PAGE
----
Yesterday there was a very quiet launch of something significant to UK telecoms.
Vonage has been providing Voice over IP (VoIP) services in the US since 2001 and over this short time has become somewhat of a run away success. They’ve now opened up shop in the UK.
Vonage call themselves the fastest growing telephony company in North America, but with an impressive 400,000 lines in service and having carried over half a billion calls, it could be justified.
There are two UK offerings from them; Residential Unlimited, for £9.99/month (~$18.60, ~€14) providing unlimited phone calls within the UK and Ireland; and a Small Business Unlimited Plan for £18.99 (~$35.50, ~€27) which included the same unlimited calling but with the addition of a free dedicated fax line with 500 minutes of outgoing traffic.
Once you have signed up, they give you the required equipment and all that is required, is to plug in a normal telephone handset and you’re away. There is no minimum length of service.
The cost of calls to “non-normal” numbers are detailed on their site, but it’s worth noting that the rates to UK mobiles are charged at 15/10/5p during day/evening/weekends, no matter which mobile network is called. International rates appear very reasonable, certainly significantly lower than normal BT prices.
It is free to call any other Vonage customer, no matter where they are in the world.
Beyond cost, there are other advantages of VoIP phone services over a normal phone, such as the ability to take your phone number with you as you travel around the world, simply by plugging your adaptor into a broadband connection.
If you have friends or business colleagues abroad, Vonage offers phone numbers in cities around the world for an additional £2.99/month (~$5.60, ~€4.30). All of these numbers will route back to your single phone line.
We were taken aback to see that emergency services calls are supported as this has been a source of a debate in the US. As the Vonage phone can be plugged into any broadband connection in the world, having an emergency operator doesn’t make too much sense given your location cannot be identified in the same way a landline can.
Dialling 999 or 112 on the Vonage UK service will connect you to the UK emergency operator who will then route your call to the appropriate emergency agency. In the list of emergency agency you’ll be offered, we were amused to see Mountain Rescue and Cave Rescue. Strange given you need to have a broadband connection to use the service.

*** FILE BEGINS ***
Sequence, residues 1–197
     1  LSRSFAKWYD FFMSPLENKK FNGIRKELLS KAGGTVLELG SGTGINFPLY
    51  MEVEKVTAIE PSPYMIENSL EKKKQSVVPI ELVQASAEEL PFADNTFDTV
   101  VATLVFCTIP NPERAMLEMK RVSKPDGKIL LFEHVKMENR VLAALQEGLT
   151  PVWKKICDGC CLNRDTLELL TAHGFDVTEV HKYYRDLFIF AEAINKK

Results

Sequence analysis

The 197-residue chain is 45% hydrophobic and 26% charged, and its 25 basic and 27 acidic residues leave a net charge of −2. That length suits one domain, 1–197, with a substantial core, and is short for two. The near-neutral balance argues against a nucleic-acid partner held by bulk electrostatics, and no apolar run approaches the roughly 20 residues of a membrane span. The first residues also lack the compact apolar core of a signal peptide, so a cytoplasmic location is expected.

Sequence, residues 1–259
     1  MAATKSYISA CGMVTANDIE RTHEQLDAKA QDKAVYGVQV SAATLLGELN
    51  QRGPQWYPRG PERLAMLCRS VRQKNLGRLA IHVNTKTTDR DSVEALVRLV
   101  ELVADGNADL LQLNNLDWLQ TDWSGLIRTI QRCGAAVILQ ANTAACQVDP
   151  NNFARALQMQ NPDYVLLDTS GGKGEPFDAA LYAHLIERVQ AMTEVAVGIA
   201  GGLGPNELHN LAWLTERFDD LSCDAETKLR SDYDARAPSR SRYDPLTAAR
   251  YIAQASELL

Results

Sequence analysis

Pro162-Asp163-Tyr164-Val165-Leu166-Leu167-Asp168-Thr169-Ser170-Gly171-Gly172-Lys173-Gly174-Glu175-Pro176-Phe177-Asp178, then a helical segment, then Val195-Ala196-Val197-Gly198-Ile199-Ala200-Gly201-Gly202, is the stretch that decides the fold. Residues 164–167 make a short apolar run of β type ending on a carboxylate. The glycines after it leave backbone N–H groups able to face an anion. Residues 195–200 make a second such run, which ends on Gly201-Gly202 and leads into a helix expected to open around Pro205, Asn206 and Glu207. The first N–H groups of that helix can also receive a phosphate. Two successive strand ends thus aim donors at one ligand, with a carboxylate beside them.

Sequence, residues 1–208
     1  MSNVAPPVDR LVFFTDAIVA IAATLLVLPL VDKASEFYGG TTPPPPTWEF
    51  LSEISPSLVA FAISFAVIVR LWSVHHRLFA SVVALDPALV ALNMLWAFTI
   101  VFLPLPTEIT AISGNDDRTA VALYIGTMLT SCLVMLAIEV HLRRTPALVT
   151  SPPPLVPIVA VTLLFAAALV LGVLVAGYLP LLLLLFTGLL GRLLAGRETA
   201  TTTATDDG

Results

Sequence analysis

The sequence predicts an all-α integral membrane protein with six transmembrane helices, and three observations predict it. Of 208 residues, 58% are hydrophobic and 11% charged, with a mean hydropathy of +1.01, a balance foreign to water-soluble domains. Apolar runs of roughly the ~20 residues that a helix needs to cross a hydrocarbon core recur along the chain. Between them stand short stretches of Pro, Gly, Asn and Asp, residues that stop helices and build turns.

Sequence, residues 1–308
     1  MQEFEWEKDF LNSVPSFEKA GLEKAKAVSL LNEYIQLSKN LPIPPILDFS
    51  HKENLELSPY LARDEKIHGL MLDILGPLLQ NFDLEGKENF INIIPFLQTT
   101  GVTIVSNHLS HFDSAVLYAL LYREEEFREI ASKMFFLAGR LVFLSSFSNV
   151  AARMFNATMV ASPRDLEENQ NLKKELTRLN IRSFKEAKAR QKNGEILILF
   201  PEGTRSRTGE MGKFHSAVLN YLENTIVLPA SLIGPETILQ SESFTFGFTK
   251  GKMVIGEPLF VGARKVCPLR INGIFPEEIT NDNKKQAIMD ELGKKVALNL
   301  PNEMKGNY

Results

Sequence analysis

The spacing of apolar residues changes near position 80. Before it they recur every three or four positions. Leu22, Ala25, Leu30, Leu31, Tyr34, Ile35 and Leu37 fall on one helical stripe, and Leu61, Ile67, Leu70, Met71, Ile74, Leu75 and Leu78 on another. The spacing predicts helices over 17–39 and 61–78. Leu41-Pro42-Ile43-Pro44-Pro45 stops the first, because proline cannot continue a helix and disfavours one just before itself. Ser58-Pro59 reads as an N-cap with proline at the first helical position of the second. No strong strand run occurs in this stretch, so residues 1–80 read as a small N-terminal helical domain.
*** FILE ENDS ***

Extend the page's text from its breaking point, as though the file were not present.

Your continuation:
Last year we were surprised when BT launched a VoIP service, Broadband Voice, in the UK. It initially felt a bit like cannibalisation of their landline business.
It was only when we saw their pricing did we understand why it wouldn’t be a threat. They’re nearly the same as their landlines prices!
They too have two packages. Unlimited UK (Local and National) weekend and evening landline calls costs £6.50/month. Strangely BT limit the free calling to an hour, beyond this additional minutes are charged 1p/min. Daytime calls are 3p/min.
Their Anytime plan gives unlimited UK landline calls up to an hour per call at anytime for £14 a month.
Rates to mobile on the BT service vary depending on the mobile operator, some of them lower than Vonage.
After a quick look at the International rates, it appears that BT prices are more expensive, for example, a call to New York would be 2p/min on Vonage but 4p/min with BT Broadband Voice.
The level of BT’s prices doesn’t surprise us. Their usual tactic is to only lower their prices when competition comes into the market – so welcome to the UK Vonage.
We’ve been trying to get our hands on the Vonage service since it was first introduced in the US. We figured that it was a geographically independent (global) service, so they should be able to sell anywhere, but they weren’t thinking the same way at the time. We’ll be reviewing the service as soon as we can.